Naxos is the largest of the Ciclades Islands and has some of the finest beaches, particularly at Plaka, Agia Anna and Alikos. Its capital is the picturesque, whitewashed city of Naxos, which has wonderful seafood restaurants.
Stay:The Naxos Beach 1 is only a few metres away from St George's beach and all the watersports ameneties.
Why we love it: Lesbos is known as the Emerald Island because of its wonderfully verdant landscape, dominated by olive groves and petrified sequoia forests. The poetess Sappho lived on Lesbos, and it is because of her homoerotic poetry that we get the word 'lesbian'- for this reason Lesbos is a popular destination among lesbians.
Why we love it: Rhodes is associated with the Sun God Helios and the sun does seem to shine brighter here, just off the coast of Turkey. Rhodes Town is home to the stupendous Palace of the Grand Master, a huge 14th Century fortress built by the Knights of St John, a bewildering labyrinth of medieval alleyways with some of the finest shops outside Athens and minarets dating back to Ottoman rule. On the south-east coast is Lindos- its delightful beaches and old town dominated by the towering presence of a ruined acropolis.
Stay: The Elite Suites at the Amathus Hotel are THE place to stay.
Why we love it: Santorini owes its dramatic beauty to explosive volcanic eruptions, which left a huge lagoon surrounded by 300 ft high cliffs on three sides. Many of its prettiest towns- Oia, Fira, Thera- are built on the side of this huge caldera, with sublime views. Perhaps the most spectacular of all is Imerovigli, with its blue domes and winding stairwells perched over the azure abyss.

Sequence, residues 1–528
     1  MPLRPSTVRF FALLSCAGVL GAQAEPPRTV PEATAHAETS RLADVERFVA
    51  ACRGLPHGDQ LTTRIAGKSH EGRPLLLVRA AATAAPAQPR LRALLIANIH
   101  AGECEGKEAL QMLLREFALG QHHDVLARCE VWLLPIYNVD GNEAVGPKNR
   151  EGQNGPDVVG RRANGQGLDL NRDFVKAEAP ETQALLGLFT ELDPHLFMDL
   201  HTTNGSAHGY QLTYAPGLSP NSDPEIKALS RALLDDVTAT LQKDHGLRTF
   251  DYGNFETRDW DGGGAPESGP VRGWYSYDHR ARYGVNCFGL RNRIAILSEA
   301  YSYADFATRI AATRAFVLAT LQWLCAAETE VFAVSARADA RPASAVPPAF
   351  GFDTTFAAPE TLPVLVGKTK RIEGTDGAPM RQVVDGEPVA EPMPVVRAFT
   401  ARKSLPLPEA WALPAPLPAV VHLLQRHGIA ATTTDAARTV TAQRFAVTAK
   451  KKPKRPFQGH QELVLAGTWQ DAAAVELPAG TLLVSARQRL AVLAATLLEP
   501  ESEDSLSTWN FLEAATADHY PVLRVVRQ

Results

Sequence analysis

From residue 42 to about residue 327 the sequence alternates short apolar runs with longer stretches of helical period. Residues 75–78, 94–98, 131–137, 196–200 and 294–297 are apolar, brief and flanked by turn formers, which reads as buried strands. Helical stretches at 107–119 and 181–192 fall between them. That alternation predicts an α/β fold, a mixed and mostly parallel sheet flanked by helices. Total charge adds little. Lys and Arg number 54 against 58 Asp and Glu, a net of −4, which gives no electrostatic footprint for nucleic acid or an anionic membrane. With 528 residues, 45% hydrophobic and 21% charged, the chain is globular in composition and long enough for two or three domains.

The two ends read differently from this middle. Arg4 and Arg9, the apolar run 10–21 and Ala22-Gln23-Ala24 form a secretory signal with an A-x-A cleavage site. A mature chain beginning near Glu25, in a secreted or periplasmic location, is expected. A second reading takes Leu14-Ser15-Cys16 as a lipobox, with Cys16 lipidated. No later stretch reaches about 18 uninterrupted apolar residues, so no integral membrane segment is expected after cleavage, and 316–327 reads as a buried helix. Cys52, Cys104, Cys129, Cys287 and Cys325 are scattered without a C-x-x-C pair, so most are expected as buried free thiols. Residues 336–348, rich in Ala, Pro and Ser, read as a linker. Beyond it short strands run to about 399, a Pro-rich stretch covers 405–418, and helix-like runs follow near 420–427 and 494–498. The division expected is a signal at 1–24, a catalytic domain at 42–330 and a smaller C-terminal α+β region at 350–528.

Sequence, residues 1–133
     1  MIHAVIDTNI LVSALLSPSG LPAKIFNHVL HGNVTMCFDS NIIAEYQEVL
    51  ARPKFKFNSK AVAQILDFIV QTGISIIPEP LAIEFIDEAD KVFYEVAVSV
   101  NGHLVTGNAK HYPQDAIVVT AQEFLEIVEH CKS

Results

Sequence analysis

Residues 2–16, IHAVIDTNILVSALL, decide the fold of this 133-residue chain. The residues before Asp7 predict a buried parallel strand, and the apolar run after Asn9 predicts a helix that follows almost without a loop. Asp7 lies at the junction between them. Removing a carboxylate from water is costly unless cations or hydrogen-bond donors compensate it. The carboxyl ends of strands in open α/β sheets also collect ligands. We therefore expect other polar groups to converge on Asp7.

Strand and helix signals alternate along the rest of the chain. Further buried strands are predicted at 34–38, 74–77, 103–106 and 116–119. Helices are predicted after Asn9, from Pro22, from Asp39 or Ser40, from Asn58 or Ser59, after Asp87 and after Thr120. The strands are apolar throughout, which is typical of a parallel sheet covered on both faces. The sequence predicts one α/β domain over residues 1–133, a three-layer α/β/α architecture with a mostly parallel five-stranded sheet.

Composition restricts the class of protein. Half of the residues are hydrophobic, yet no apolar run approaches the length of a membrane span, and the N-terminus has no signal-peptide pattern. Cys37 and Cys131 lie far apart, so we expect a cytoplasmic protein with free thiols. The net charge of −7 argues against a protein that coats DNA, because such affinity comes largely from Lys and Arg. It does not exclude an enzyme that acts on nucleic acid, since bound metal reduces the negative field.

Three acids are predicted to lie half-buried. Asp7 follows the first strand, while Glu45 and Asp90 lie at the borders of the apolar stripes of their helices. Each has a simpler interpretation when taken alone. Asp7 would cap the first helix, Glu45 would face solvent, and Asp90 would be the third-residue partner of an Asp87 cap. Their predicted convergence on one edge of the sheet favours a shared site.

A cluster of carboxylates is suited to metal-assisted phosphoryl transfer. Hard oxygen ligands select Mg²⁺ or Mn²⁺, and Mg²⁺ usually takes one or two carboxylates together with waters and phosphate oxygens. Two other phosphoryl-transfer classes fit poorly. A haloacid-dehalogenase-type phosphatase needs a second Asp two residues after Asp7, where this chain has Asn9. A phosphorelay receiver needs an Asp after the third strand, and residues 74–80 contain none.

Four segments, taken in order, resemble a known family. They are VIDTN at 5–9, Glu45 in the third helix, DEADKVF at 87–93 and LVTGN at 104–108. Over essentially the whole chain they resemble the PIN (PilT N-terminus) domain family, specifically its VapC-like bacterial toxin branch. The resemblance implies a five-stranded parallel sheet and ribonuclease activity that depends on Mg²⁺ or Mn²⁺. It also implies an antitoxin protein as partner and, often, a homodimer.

Stay: Romantics should definitely check out the Vedema Resort - one of Sovereign's Couples Retreats.
Why we love it: Many historians claim Homer's legendary hero Odysseus was not from what is now called Ithaca, but from Kefalonia. The largest of the Ionian Islands, it's home to natural wonders such as Myrtos Beach- one of Europe's most spectacular- while at Kaminia Beach you can see an endangered species of turtle, the loggerhead. Also worth visiting are the caves at Drogarati and Melissani Lake.
Why we love it: The Mediterranean's fifth largest island is forever associated with the Knossos, the ancient Minoan palace that was home to the Minotaur- a terrifying creature who was half man-half bull. Other attractions include the beautiful Venetian port of Rethymno, the leaping gorges of Samaria and the lively ouzeri taverns of Heraklion.
Why we love it: Corfu's old town is full of bistros and tavernas dotted along the 'kantounia' (cobbled streets) leading to a lovely marina and Venetian fortress, the Palaio Frourio. Large Georgian houses of white Malta stone are a reminder of bygone British rule. Paleokastritsa is one of Greece's loveliest spots, where olive and cypress-clad mountains tumble down to cliffs, harbours and sandy beaches.
Stay: The Delfino Blu, which sits on a beautiful beach, has 12 apartments to choose from.
There are fewer better ways to spend the lazy days of late summer than hopping between some of Greece's 227 inhabited islands. From crazy Corfu to cultured Kos, there's something to please everyone.